38. Try to adopt and maintain a growth mindset. It's important to note the opportunities and accompanying challenges to grow, evolve and make healthy changes within ourselves and in relationship with others. This growth process occurs throughout our entire lives, from age 1 to 101.
39. Learn to strengthen and flex your "flexibility" muscle. Life and the inevitable myriad of circumstances we must face require us to adapt and change each and every year we're alive.
40. Paralyzed by what you have to accomplish? Break down big goals into smaller, manageable pieces that you can execute one step at a time. Celebrate your achievement of each step.
41. Plagued by the critical voices in your head? Counteract these messages by starting a positivity journal. Write five positive things about yourself every day.
42. Feeling overwhelmed? Practice mindful breathing for three minutes. Focus your attention on breathing from your belly instead of your chest. Pay attention to the sounds and sensations of each breath over three minutes.
43. Fed up with perfectionistic self-standards? Experiment with your definition of success to help you learn that you’ll survive a less than perfect life.
44. Need encouragement? Create a positive mantra to repeat to yourself during times you experience perfectionistic thoughts. For example, "I am enough. My best is enough. Fighting perfectionism is really hard."
45. Contact a professional mental health provider who can help you develop awareness and coping skills around their perfectionistic thoughts and behaviors.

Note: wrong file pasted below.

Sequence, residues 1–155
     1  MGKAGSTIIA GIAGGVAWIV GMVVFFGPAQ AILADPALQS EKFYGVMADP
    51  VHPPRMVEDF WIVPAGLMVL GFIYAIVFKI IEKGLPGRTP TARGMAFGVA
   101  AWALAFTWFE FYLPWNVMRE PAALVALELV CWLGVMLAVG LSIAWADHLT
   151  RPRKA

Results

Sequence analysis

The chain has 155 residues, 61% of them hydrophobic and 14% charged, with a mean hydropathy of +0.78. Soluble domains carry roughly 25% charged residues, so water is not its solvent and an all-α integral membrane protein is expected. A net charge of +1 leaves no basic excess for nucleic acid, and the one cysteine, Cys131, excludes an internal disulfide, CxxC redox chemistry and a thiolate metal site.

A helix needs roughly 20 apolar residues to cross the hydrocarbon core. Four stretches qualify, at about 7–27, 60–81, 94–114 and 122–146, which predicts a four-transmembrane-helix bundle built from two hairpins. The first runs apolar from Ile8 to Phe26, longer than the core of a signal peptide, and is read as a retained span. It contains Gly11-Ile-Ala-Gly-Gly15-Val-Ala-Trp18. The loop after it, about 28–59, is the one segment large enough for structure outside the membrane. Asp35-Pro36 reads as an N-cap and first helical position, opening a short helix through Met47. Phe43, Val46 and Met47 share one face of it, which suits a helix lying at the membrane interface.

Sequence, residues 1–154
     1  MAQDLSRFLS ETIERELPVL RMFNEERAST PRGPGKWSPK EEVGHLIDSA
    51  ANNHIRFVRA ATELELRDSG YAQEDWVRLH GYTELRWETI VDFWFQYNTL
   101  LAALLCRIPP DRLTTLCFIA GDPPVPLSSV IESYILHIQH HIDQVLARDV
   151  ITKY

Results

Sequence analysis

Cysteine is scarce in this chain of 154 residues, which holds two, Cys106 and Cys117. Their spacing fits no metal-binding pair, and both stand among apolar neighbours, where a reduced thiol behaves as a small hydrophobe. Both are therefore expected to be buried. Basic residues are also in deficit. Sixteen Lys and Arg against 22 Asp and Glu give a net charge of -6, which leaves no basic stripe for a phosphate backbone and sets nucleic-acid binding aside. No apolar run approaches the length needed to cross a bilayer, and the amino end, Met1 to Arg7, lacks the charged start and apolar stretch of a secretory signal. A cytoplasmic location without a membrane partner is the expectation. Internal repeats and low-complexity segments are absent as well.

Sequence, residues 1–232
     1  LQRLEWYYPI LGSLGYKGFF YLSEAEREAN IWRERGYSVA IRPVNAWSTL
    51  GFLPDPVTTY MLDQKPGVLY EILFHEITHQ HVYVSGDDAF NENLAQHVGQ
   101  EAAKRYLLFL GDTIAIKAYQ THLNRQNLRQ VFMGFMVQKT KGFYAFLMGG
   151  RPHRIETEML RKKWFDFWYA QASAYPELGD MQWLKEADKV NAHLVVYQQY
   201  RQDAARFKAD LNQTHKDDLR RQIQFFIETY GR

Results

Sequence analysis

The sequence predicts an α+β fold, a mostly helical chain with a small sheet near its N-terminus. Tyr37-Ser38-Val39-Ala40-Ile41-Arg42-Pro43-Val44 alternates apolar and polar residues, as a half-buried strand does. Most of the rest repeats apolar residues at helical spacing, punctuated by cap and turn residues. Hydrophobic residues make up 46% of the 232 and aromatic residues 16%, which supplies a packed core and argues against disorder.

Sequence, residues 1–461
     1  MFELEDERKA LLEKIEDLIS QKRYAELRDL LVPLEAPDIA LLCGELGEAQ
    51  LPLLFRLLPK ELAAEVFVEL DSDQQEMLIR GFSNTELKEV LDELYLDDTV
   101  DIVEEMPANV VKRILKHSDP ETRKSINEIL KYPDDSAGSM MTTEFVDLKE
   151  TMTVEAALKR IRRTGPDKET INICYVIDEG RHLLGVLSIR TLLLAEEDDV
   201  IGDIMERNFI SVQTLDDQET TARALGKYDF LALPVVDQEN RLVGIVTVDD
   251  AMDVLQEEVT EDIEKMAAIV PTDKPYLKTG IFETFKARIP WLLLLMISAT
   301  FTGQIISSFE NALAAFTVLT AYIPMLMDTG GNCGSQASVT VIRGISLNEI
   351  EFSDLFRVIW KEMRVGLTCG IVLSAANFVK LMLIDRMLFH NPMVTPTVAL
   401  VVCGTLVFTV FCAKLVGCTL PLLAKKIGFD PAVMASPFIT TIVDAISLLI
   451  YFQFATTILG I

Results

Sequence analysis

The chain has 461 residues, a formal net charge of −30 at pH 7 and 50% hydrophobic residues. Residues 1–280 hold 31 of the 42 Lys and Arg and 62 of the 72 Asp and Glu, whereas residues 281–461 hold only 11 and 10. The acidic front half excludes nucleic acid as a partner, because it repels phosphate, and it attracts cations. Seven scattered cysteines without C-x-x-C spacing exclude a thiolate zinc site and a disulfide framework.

Become engaged and self-aware
46. Always engage in learning, whether it be professional-related or for fun (a hobby). Engaging your mind in new ways helps distract you from the daily noise in your head, help you find new ways to build confidence and feel mastery.
47. Find your way to be expressive and creative, whether it be in the garden, writing, making something, cooking, drawing, dancing, etc.
48. Focus on kindness — your oxytocin, the hormone of connectedness, rises, your heart rate slows and you feel more benevolent, which makes you healthier and happier.
49. Your system should help you feel in control without overwhelming you. If you are forgetful, a lot of reminders might help, but if you're anxious, so many reminders could make it worse.
50. Educate yourself on common signs of mental health issues so you can recognize them in yourself and others as they emerge.